According to this article, it takes an average of 23 minutes and 15 seconds to regain focus on a task once you get distracted from it. It’s best not to be logged in to your messages all the time. Instead, schedule specific times when you check email, slack, and SMS on your company smartphone.
It’s best to communicate this to your team members, managers, and clients too. Set up an auto-reply on email, for example, to inform people that you only check twice a day, and only respond to urgent messages right away. And never check messages first thing in the morning. Always start your day by working on your most important task. Leave the email until lunchtime.
Productivity Hack #5: Learn to say ‘No’
Most of us are conditioned to say Yes to requests from bosses, colleagues, and clients. But we have to be selective about what we say Yes to, because every Yes can be a distraction that takes up more time.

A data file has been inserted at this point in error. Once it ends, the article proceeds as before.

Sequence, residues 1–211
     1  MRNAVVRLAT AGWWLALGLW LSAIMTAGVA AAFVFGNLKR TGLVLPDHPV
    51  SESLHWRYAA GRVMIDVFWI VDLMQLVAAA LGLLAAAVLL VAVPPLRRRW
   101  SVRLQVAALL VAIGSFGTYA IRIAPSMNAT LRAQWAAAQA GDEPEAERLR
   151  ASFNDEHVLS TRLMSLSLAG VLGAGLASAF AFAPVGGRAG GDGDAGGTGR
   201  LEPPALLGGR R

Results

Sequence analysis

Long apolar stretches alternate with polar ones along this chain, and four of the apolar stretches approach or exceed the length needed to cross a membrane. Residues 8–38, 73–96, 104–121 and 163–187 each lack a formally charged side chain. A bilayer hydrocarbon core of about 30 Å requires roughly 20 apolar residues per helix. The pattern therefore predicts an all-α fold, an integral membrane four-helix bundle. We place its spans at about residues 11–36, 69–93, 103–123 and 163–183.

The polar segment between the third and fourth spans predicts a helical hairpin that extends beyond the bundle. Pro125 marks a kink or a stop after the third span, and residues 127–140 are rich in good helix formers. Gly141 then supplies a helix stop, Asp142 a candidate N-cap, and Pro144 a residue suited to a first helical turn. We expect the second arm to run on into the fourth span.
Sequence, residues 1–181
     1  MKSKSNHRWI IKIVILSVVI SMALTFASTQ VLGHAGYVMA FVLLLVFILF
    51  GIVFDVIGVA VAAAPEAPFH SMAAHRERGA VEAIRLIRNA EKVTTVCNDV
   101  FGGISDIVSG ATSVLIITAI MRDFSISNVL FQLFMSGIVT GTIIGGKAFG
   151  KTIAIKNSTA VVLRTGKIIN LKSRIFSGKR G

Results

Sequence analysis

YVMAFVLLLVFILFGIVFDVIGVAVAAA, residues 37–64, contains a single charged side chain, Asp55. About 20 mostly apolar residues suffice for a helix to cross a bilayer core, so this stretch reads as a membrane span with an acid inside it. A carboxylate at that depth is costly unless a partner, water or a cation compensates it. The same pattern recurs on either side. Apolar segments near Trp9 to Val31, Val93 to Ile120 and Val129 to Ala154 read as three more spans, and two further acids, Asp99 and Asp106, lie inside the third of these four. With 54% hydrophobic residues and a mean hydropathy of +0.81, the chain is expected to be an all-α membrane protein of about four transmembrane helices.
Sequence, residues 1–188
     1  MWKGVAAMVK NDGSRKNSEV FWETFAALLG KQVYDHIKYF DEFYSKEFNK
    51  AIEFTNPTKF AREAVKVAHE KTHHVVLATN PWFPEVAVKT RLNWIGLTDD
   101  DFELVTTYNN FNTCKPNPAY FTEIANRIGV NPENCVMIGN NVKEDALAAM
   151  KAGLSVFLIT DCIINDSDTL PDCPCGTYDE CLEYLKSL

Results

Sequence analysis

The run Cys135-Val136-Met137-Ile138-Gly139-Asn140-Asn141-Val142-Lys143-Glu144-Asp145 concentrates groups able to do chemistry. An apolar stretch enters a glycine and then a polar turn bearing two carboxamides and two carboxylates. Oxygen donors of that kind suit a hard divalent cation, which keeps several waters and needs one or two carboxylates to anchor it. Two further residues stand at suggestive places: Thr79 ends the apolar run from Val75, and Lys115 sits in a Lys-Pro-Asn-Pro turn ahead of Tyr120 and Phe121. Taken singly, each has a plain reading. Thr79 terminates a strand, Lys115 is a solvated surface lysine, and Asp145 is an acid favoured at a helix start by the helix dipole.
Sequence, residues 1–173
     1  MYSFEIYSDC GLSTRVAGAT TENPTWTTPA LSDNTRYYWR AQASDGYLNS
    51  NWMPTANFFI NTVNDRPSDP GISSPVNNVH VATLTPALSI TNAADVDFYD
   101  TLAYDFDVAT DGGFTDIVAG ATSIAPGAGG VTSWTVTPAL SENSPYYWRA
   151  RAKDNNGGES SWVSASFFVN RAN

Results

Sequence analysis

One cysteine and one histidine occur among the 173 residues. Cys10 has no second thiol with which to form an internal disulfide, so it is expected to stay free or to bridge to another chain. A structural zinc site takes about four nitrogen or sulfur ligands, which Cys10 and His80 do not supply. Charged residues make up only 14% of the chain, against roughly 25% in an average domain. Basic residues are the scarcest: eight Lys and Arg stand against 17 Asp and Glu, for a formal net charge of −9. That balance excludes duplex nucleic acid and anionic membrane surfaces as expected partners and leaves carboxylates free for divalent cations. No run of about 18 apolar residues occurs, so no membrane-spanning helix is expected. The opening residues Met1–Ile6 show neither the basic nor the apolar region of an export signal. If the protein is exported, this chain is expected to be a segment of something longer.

Author and podcaster James Altucher has written about how his life changed for the better when he started saying ‘No’. Marc Chernoff, New York Times bestselling co-author of Getting Back to Happy, writes:
“Don’t be afraid to say “no” to unnecessary obligations. In a world with so much noise and clutter, you must make room for what matters. That means pruning nonessential commitments and eliminating as many distractions as you possibly can.”
Bosses and clients don’t always respond well to hearing ‘No’. So be sure to practice explaining what and what is not a priority, and practice being polite about saying ‘No’. You won’t necessarily get your way all the time, but if you can make your case well, you will cut down on unnecessary obligations and time-wasting tasks without getting a poor reputation for being uncooperative.
Productivity Hack #6: Set clear boundaries between work and rest